(DS) – Define the Significance… Deeper, Richer, Broader, Global
You are now ready to tread into mental gymnastics, metacognitive land and the magical home of Great Thinkers. Step1: Connect your discussion to a secondary quotation or event in the work, in order to further develop your point. 1) If your selected quote is from the early part of a reading assignment, a secondary quote later in the reading would demonstrate your command of the whole. 2) If your quote is later in a longer work, you may want to connect it to an earlier quote in order to illustrate a change in a character, or to develop a pattern of symbolism or theme in the work as a whole. 3) You may treat your secondary (or tertiary) quotation as part of the second paragraph, or in a third paragraph if warranted.
Step 2: A text is most often thought of as a global piece that has three lives: the time of the writing, the time of the characters/setting, and the time of the reading. Considering the social, historical, psychological, political, aesthetic and philosophic issues of the day is a fundamental part of the IB literary process, and this close analysis may turn into a paragraph (or a few) of its own.
Step 3: Finally, you must look into the Literary Filter cosmos and consider what way(s) this quote can be viewed from an academic literary perspective. There are varied ways to explore this: new historical, Freudian-psychological, Jungian-archetypal, new critical, Marxist, feminist, gender theoretical, formal, reader-response, post-Colonial….. to name a FEW. Expending mental energy in the schools of thought is always rewarding and assists you in developing sophisticated arguments.
Developing good writing habits now is essential to building that brilliant brain and passing IB Boot Camp and earning your stars.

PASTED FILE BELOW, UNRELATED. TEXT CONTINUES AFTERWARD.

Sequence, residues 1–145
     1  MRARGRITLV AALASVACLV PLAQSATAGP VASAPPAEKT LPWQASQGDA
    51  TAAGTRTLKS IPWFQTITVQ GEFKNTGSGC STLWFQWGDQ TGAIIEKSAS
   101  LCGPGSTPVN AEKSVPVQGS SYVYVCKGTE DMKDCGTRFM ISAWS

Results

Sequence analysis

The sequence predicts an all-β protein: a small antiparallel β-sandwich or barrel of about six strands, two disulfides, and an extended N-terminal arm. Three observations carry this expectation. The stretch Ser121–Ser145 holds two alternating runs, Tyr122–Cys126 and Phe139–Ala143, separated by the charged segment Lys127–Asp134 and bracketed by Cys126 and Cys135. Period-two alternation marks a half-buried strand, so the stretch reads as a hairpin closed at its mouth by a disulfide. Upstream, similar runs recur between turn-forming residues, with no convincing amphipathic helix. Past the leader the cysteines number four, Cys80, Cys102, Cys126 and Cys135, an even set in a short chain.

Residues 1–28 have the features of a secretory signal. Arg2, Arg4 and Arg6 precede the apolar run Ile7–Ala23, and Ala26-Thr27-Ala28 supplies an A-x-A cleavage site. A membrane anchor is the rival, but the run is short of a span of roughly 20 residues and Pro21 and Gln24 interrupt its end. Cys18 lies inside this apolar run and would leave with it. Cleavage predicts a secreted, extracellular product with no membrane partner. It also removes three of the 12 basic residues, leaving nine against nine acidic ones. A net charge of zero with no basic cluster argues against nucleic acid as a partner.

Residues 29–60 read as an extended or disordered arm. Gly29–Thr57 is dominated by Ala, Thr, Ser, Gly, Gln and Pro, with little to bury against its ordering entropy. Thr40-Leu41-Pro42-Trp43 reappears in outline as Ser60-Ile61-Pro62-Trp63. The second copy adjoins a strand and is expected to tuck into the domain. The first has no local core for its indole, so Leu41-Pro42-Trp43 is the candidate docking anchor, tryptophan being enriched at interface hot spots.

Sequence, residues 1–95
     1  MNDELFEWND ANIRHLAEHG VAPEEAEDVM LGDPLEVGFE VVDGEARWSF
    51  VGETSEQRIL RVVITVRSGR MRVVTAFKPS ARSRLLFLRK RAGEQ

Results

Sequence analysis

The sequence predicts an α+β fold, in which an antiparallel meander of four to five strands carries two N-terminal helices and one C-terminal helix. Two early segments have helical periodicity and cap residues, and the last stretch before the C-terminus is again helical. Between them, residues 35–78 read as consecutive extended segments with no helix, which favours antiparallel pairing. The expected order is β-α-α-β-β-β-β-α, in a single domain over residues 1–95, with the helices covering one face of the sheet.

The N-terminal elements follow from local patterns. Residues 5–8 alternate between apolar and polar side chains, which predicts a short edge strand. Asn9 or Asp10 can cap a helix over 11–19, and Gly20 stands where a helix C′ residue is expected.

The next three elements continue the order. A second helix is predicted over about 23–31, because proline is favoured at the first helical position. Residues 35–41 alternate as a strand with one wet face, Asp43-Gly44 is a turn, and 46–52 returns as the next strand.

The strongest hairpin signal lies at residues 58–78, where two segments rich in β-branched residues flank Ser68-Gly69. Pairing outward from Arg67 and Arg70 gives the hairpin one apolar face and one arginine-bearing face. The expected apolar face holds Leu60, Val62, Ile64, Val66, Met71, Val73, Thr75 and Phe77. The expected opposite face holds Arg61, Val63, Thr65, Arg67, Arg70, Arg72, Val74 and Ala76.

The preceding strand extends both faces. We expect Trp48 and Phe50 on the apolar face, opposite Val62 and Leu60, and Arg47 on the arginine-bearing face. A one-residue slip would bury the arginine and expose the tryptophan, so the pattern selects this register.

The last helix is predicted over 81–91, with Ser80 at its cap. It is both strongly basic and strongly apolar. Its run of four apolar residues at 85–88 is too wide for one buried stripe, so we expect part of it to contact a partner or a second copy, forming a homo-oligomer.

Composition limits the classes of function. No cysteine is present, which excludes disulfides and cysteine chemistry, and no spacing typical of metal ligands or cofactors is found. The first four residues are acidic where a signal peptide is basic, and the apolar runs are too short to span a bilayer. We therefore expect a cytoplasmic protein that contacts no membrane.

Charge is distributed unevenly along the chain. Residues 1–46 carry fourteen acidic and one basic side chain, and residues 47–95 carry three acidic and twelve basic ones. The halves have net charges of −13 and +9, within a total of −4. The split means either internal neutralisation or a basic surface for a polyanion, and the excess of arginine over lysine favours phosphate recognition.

IB Focus Areas: The IB exam in English has five tested areas: a) the written paper on a work in translation, b) the oral presentation, c) the oral commentary, d) Paper 1 (commentary) and e) Paper 2 (comparative essay). Components B-E are completed your senior year. Component A was completed with Mrs. Wilcox during your junior year. Students who have been successful in their IB exams have a superior grasp of the literary argument in both oral and written format. The SQUIDS/journal then creates a platform for the student to examine the literary work at length and to create solid arguments that use the text as their basis.
The Explication Workshop Appointment: Your summer work asked you to pull out sections of Jane Eyre and think critically about them, to explore aspects of the story/characters in writing, and to look at their literary significance. When you submit the summer work to me, I will schedule a personal appointment with you during Charger Time and we will examine your work, talk about your strengths and weaknesses, and explore the challenges you face. I can answer questions for you, and assist you in developing a sophisticated “IB Voice”. We will use the appointment to get to know each other personally and I will also get to meet your “literary brain”- the critical, thoughtful, exploratory, ruminative part of your brain that you apply to examining (or explicating) literature. I talk a lot in class about “Shockey Brain.” You will develop your own “___ Brain” throughout the year as you apply your literary knowledge and communication skills to our difficult texts and develop a spoken and written style.
I will set these appointments the first week of school, but I am careful to work around your schedule, so please fill out your appointment card as soon as possible and get it back to me. Thanks in advance for your participation in my class. I am looking forward to getting to know your personality, your brain, your voice– your quirks and tics, and everything that makes you special!!!